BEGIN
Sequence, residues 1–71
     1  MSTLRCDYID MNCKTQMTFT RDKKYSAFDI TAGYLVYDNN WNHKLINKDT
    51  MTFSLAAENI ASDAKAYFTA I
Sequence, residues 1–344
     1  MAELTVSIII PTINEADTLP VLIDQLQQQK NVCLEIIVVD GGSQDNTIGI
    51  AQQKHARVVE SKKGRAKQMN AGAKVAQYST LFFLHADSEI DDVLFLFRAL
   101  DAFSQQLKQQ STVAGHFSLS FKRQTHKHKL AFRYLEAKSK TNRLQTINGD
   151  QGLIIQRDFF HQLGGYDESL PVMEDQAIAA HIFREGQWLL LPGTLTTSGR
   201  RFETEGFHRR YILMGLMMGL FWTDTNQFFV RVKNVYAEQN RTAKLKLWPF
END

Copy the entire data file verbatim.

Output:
Sequence, residues 1–71
     1  MSTLRCDYID MNCKTQMTFT RDKKYSAFDI TAGYLVYDNN WNHKLINKDT
    51  MTFSLAAENI ASDAKAYFTA I
Sequence, residues 1–344
     1  MAELTVSIII PTINEADTLP VLIDQLQQQK NVCLEIIVVD GGSQDNTIGI
    51  AQQKHARVVE SKKGRAKQMN AGAKVAQYST LFFLHADSEI DDVLFLFRAL
   101  DAFSQQLKQQ STVAGHFSLS FKRQTHKHKL AFRYLEAKSK TNRLQTINGD
   151  QGLIIQRDFF HQLGGYDESL PVMEDQAIAA HIFREGQWLL LPGTLTTSGR
   201  RFETEGFHRR YILMGLMMGL FWTDTNQFFV RVKNVYAEQN RTAKLKLWPF